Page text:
I have been making art most of my life, working as a studio and plein air painter since earning my BFA from the Rochester Institute of Technology in 1981. I paint in response to the land; inspired by wild spaces, churning nature, rugged edges, and distance. I am further inspired by words that strike me and evoke imagery as I read.
My studio and plein air practices feed each other. Working directly outdoors allows me to connect with nature as I explore the idea of “place.” In studio, I work in a variety of media to deeply explore ideas and inspirations, free from changing conditions. There, I can linger in the surface and rhythm of a painting and further develop imagery from my plein air work, sketches, and photographs. In all my work, I share my story of being in a particular place at a particular moment in time.
Whether in the field or studio, my paintings offer a narrative of color, line, form, movement, light, and pattern through rolling fields, extreme edges, moving water, and dramatic skies. I am also attracted to man-made lines and patterns from plowed and excavated fields, vineyards, power lines, roads, and structures. Features of the landscape become “characters” in the story I paint.
Much of my work is inspired by the landscape of western New York—especially Lake Ontario and the Finger Lakes. I am endlessly enchanted by art-making travel to Ireland. Many of the sites I choose to paint are views I see on my daily travels. With my van as a mobile studio, I’m ready to paint when I see something wonderful. I frequently paint with other plein air artists which fosters an important sense of community and a dynamic classroom that keeps my learning alive.
I choose to work with oil and encaustic paints. I love oils for the reasons so many do—the look and feel of moving the paint. Working with encaustics is perhaps my most adventurous practice because inspiration comes from the material itself. Encaustic is unique because of the artist’s ability to paint, build, remove, carve, collage, print, and combine with other media. Working with heat and flame adds another satisfying element of interaction and surprise. I enjoy exploring the tactile properties of the wax and the new conversation that comes with each piece.
The art I have included on this website represents my recent and favorite work--it is not a full collection of what is available in physical galleries or my studio. I frequently add new paintings and news. Please contact me if you would like to see more of any body of work, if you would like more details about any paintings, or if you would like to arrange a studio visit. Contact me.
Phyllis Bryce Ely earned her BFA in painting and printmaking from the Rochester Institute of Technology in 1981. She paints en plein air and in the studio, and is regarded for her landscapes and depictions of upstate New York, Lake Ontario, the Finger Lakes region, and her travels. She paints primarily in oil, encaustic wax, and oil with cold wax medium.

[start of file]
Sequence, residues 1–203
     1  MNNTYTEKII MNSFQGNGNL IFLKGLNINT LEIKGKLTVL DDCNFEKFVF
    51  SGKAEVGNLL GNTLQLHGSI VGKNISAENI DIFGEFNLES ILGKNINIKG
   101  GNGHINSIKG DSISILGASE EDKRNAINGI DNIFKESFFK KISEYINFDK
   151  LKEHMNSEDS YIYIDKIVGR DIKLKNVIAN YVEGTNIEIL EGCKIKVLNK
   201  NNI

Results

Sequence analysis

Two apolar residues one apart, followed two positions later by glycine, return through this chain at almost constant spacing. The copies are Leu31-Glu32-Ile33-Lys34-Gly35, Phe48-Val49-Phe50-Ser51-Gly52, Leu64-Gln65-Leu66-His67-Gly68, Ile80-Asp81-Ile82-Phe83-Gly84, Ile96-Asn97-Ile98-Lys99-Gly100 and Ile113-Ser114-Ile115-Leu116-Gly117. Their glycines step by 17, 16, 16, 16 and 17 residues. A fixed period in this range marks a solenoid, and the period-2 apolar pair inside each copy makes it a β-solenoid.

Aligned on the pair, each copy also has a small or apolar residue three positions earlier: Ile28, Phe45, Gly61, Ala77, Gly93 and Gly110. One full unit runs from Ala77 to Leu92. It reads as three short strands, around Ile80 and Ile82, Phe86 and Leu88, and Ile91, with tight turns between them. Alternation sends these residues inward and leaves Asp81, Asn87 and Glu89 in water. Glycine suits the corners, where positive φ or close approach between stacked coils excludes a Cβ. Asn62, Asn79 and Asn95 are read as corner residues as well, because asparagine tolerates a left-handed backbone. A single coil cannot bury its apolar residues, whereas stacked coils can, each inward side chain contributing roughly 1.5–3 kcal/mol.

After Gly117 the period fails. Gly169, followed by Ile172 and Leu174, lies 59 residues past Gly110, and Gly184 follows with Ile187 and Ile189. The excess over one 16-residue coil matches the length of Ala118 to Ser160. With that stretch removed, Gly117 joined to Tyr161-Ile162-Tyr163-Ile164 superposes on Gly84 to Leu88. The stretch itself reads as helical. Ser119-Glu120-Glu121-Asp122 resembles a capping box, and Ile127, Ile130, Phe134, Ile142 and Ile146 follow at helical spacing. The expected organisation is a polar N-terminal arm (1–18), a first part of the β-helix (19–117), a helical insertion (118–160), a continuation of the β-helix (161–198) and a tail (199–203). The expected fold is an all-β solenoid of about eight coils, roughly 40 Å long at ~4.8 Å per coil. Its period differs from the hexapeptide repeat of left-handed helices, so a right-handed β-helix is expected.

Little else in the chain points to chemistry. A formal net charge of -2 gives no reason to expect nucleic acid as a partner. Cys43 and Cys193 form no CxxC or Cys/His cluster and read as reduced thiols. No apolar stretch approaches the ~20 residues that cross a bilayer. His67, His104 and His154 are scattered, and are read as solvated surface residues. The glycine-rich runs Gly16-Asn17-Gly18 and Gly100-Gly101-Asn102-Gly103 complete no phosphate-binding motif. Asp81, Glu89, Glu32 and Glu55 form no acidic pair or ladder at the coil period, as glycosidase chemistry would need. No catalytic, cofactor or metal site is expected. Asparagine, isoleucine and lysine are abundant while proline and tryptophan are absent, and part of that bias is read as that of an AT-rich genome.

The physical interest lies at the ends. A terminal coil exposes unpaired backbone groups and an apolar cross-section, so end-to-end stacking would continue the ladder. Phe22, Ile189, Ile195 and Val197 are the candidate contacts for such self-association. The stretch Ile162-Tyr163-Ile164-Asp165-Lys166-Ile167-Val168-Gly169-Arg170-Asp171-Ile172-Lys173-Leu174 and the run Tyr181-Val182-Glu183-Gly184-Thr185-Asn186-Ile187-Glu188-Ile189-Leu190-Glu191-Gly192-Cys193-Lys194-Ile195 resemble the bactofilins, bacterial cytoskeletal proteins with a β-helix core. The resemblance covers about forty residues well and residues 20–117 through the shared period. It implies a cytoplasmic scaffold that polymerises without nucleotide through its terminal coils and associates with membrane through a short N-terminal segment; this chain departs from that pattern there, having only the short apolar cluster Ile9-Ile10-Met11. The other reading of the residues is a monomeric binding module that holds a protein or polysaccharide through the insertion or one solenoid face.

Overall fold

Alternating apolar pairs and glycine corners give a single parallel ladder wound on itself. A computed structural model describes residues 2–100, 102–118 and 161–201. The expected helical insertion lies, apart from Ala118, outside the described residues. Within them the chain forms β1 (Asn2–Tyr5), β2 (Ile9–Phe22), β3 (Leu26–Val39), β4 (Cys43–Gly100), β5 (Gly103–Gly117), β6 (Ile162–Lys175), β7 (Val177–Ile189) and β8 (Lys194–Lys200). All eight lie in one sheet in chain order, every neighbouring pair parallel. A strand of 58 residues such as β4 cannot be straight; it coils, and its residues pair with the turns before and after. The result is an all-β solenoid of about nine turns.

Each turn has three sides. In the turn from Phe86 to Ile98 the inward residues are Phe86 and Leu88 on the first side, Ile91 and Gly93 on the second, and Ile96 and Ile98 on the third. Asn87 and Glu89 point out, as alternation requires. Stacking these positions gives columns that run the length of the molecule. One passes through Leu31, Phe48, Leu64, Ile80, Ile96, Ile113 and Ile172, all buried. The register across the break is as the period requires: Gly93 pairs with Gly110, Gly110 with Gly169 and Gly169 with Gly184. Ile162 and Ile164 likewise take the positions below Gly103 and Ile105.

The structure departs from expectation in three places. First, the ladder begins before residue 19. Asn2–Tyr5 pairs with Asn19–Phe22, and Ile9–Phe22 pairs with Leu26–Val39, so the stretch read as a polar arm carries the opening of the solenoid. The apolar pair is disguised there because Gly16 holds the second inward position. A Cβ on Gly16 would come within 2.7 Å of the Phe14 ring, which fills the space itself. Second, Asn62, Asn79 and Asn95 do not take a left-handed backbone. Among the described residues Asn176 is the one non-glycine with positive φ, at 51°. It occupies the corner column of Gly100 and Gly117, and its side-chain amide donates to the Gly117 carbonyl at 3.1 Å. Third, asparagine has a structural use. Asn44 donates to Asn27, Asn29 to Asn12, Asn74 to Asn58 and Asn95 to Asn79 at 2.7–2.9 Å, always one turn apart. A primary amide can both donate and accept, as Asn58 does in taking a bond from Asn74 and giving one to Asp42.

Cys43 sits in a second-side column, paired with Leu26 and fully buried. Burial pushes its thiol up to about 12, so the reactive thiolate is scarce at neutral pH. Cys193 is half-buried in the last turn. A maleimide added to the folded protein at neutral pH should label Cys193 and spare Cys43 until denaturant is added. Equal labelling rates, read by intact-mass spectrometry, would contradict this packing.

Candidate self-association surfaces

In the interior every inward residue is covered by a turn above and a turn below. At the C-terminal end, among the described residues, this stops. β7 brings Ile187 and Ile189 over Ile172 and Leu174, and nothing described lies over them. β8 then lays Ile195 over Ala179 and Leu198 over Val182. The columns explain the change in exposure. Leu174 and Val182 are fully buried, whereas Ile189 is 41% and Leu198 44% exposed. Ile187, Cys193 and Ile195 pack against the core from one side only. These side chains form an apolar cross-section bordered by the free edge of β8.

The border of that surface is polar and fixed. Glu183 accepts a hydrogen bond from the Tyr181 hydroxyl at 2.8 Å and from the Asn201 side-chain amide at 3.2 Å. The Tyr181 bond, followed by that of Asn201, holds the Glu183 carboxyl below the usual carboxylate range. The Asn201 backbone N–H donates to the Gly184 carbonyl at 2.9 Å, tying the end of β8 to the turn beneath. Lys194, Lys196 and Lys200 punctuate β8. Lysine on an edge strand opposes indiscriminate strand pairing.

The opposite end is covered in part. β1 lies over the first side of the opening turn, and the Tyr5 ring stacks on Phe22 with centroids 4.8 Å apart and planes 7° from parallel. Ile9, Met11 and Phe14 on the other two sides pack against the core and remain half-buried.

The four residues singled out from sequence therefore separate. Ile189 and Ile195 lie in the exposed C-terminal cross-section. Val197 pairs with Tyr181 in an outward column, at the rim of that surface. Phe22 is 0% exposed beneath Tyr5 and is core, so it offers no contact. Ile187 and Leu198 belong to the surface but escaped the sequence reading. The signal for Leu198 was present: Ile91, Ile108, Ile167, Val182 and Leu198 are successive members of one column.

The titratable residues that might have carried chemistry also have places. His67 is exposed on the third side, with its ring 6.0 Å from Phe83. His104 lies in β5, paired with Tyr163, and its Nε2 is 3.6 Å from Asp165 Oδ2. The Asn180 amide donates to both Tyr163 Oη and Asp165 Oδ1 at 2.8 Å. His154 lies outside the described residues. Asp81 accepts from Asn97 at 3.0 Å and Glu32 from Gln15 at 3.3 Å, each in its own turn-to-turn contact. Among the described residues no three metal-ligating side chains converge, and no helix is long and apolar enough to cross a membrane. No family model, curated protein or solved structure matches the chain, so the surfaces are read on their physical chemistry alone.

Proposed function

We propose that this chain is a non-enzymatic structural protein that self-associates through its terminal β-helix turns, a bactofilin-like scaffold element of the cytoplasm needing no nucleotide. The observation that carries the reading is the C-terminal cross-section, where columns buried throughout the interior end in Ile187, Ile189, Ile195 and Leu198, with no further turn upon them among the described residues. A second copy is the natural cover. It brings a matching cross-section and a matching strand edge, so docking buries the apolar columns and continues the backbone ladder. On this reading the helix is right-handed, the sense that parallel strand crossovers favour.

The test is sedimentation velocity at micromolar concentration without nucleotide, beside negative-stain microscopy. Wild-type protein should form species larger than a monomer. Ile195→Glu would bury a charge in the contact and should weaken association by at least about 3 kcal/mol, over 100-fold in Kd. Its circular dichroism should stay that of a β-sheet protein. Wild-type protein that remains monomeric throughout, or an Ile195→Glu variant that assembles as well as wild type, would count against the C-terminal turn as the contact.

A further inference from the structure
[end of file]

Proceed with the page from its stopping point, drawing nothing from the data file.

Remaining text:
Phyllis's work has been juried into in international, national, and regional exhibitions including the International Encaustic Artists’ Survey of Contemporary Encaustic at the Chaffey Community Museum of Art in Ontario, California (2019) and the IEA’s Hopeful Darkness at the Atlantic Gallery, New York City (2017); Utopia/Dystopia at Main Street Arts Gallery (2017) in Clifton Springs, NY where she was awarded "Best in Show;" Made in New York 2017 at the Schweinfurth Arts Center; and multiple inclusions in the Finger Lakes Exhibition at Rochester’s Memorial Art Gallery, when in 2013 she received the Gertrude Herdle Moore/Isabel Herdle Award given by The Gallery Council. Phyllis has received honors and awards at the Sonnenberg Arts Festival in Canandaigua, NY, the Memorial Art Gallery’s Clothesline Arts Festival, and other juried exhibitions. In 2017, she was awarded the Record Archive award for painting at the Rochester Contemporary's 2017 Annual Members Exhibition.
Phyllis was invited to participate in the Rochester Contemporary Art Center’s Landscapes and the Unbuilt, a 2019 exhibit that reflects artist interactions with land and natural places. In 2018, Phyllis was commissioned to create the 2018 Park Ave Summer Art Fest poster. The poster, an encaustic painting, received the International Festival & Events Assoc. Pinnacle Award “Gold: Best Commemorative Poster.” That same year, she presented “Not My Father’s Iceberg,” a solo exhibit at Main Street Arts Gallery in Clifton Springs, NY featuring paintings made in response to her father’s Arctic photography while serving as a Navy photographer aboard an icebreaker in the 1950s. (see Father-Daughter Gallery.)
Phyllis is represented by the Oxford Gallery and frequently shows with other regional galleries in New York. She is an active member of the Genesee Valley Plein Air Painters, International Encaustic Artists, and Working in Wax Group, and is a past plein air, drawing, and painting instructor at the Creative Workshop of the Memorial Art Gallery.
Her studio is in the Hungerford building in downtown Rochester, home to four floors of creative people in a rambling former factory in Rochester, NY. Phyllis shares a lively workspace with two talented friends (Anne McCune and Maureen Outlaw Church); together, they hold open studio hours with other Hungerford artists First Fridays (5-9 PM) and Second Saturdays (10 AM-3 PM), and by appointment.
Phyllis’ work is included in many private and public collections including Bausch & Lomb, Xerox Corporation, Mobil Chemical Corporation, Rochester Institute of Technology, Nixon Peabody LLP, Jewish Senior Living of Rochester, and Rochester Community Savings Bank.
Phyllis lives on the Lake Ontario shoreline in New York state with her husband, Mark. She is the proud mother of Hannah Bryce Ely, CMI, biomedical illustrator, www.hannahbryceely.com.